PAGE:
Once again, the threat of a government shutdown looms over federal contractors and grantees. If Congress does not pass a continuing resolution or other funding legislation before midnight on Saturday, agencies will lack authorized appropriations to fund their operations. Although regrettable, the risk of a shutdown (or debt ceiling crisis) has been a fairly common occurrence over the last few years.Continue Reading Dusting off the Government Shutdown Playbook
For the first time in 40 years, the Department of Labor (DOL) updated its interpretation and implementation of the Davis-Bacon and Related Acts in new final rules.Continue Reading New Davis-Bacon and Related Acts Regulations to Expand DOL Authority
On June 29, 2023, in a 6-3 decision authored by Chief Justice Roberts, Students for Fair Admissions, Inc. v. President and Fellows of Harvard College, the U.S. Supreme Court held that college and university race-conscious admission decisions at Harvard University and the University of North Carolina violate the Equal Protection Clause of the 14th Amendment. But what impact does this have on federal contractors subject to affirmative action obligations to provide equal employment opportunities to minorities and women under Executive Order 11246 as well as on employers that have voluntarily adopted diversity, equity, and inclusion (DEI) initiatives?
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The ongoing debt ceiling negotiations are approaching the “X Date” with little certainty of a resolution. The X Date, the date on which the U.S. Government runs out of money to pay all of its bills, is estimated to be June 1. Failing to raise the debt ceiling by that date would be unprecedented and, by most accounts, would have dire consequences for the economy.Continue Reading Implications of the Debt Ceiling for Government Contractors
Husch Blackwell attorney Tracey O’Brien has posted about the new guidelines OFCCP released on veteran hiring benchmarks, reducing the national annual benchmark to 5.4%.Continue Reading OFCCP Publishes Annual Veteran Hiring Benchmark and New Self-Identification of Disability Form
Effective March 31, 2023, OFCCP rescinded the Trump administration’s Final Rule, Implementing Legal Requirements Regarding the Equal Opportunity Clause’s Religious Exemption (Final Rule). The Final Rule was issued in December 2020, during the waning days of the Trump administration. While the text of OFCCP regulation, 41 C.F. R. 60-1.5(a)(5) (OFCCP religious exemption), was not changed by the Final Rule, the Final Rule did add 1) a new paragraph with definitions to terms used in the religious exemption under Executive Order 11246 (E.O. 11246), and 2) a new rule of construction applicable to the religious exemption. The recission of the Final Rule follows OFCCP’s March 1, 2023 recission of Directive 2018-03, which contained the legal interpretations and policies reflected in the Final Rule.Continue Reading OFCCP Rescinds 2020 Final Rule Regarding Religious Exemption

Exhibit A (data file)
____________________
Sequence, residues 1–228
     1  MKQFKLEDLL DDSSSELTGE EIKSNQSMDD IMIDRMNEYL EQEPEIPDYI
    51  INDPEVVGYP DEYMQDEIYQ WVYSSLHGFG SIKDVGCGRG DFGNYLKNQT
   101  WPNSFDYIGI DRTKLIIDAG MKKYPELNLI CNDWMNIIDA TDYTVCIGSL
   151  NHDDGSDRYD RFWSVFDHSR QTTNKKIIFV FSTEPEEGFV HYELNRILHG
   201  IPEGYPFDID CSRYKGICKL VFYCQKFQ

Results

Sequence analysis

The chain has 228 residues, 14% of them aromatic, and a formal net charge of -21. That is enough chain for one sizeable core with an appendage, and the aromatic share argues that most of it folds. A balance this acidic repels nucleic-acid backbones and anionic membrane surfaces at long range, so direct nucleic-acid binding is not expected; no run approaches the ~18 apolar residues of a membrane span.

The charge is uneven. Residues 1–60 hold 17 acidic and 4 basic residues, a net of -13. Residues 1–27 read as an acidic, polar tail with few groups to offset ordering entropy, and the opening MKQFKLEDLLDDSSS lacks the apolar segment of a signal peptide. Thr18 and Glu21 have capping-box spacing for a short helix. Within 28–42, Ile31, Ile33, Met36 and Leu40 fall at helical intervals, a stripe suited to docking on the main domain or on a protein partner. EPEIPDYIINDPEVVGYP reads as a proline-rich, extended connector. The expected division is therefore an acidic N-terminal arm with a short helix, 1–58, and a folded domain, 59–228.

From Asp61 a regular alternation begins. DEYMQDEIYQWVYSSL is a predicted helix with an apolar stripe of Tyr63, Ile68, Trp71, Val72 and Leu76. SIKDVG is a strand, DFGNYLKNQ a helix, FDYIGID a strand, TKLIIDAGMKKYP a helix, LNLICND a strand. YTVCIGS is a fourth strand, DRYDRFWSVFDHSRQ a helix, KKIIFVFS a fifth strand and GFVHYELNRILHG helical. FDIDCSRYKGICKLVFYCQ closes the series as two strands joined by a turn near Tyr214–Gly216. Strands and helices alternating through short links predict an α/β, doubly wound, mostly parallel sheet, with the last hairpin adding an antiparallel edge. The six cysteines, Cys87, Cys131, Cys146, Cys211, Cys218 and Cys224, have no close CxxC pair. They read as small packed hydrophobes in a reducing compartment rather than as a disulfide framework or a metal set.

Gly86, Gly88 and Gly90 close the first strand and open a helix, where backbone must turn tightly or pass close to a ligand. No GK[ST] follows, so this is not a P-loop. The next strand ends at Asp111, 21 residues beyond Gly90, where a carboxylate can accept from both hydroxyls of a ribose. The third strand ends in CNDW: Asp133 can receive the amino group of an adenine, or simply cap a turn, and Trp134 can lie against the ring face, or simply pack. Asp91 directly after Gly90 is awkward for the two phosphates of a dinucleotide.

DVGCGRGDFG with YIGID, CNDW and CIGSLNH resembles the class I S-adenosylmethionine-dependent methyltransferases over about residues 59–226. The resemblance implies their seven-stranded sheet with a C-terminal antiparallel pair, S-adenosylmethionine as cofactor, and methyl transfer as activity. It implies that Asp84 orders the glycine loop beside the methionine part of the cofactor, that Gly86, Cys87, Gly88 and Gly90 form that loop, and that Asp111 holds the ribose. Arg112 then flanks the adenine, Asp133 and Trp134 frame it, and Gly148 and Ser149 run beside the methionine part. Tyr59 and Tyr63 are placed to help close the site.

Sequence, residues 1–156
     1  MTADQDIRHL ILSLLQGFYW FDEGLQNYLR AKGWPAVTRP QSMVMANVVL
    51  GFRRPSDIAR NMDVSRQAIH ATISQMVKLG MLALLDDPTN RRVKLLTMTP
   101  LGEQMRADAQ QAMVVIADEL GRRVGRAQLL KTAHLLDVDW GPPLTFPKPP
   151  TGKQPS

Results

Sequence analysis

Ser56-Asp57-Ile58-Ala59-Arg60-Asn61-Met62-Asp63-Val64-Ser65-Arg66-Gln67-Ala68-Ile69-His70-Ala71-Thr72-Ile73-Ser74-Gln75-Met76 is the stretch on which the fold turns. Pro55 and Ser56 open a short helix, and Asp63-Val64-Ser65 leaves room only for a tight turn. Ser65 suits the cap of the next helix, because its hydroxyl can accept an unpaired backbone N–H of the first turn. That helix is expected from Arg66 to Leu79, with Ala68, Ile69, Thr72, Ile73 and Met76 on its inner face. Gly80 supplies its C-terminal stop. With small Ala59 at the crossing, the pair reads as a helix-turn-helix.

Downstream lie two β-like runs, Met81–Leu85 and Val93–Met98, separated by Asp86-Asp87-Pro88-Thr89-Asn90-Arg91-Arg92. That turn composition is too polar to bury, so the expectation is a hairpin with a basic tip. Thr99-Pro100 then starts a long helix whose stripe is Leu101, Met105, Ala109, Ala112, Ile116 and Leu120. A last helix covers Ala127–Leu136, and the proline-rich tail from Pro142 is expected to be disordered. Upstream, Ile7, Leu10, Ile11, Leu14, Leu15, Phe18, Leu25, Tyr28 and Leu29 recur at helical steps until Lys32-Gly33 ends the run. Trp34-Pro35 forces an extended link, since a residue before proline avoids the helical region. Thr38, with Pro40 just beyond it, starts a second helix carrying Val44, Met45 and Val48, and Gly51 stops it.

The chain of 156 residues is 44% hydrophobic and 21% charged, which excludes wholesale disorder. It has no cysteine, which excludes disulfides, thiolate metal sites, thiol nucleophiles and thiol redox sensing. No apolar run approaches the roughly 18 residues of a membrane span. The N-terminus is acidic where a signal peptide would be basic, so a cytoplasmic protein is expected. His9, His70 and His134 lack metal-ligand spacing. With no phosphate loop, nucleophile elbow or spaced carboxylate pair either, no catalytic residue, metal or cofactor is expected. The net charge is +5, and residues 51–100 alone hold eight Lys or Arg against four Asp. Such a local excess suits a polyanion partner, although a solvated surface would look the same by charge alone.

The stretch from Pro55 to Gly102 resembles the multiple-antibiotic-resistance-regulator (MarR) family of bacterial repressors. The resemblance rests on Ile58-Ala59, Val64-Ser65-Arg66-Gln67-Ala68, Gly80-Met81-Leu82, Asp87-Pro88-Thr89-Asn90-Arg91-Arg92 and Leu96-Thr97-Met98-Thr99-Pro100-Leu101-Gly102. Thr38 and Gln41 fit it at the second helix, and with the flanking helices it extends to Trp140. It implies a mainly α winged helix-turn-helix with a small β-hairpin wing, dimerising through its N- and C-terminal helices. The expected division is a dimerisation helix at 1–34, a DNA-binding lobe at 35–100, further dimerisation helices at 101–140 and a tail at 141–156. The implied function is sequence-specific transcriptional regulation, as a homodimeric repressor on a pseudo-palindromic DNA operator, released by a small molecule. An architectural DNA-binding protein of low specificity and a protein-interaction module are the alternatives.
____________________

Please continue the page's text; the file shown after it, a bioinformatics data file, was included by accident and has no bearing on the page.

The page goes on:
On April 18, 2023, the United States Supreme Court heard oral argument in two consolidated cases that have the potential to upend False Claims Act (FCA) litigation. Oral argument on both sides and questioning from the Justices indicated tensions and sincere disagreement over the complexities of applying the False Claims Act’s scienter element in areas of ambiguity.Continue Reading SCOTUS Signals Likely Reversal in <em>SuperValu</em>, Arguments Reflect Concerns over Application to Other FCA Cases
Cybersecurity-related FCA cases poised to increase as FCA enforcement ramps up
On February 7, 2023, the Department of Justice (DOJ) announced that settlements and judgments under the False Claims Act exceeded $2.2 billion during the 2022 fiscal year and that the government posted its second-highest number of settlements and judgments in a single year.Continue Reading DOJ Posts Near-Record Year of False Claim Act Settlements and Judgments
The Office of Federal Contract Compliance Programs (OFCCP) has made several announcements, including Directives, Notices, and Proposals in their quest to embark on initiatives that significantly impact federal contractors’ affirmative action obligations.Continue Reading Changes and Challenges Relating to Affirmative Action Obligations Federal Contractors Face in 2023
Section 822 of the 2023 National Defense Authorization Act, Public Law No. 117-7776 (Dec. 23, 2022) provides new authority for some defense contractors and subcontractors to obtain price increases that address the impacts of inflation. The new authority is welcome relief for contractors and subcontractors holding fixed-price defense contracts, which typically do not allow a price increase due solely to inflation.Continue Reading Inflation Adjustments for Defense Contractors Under Section 822 of the 2023 NDAA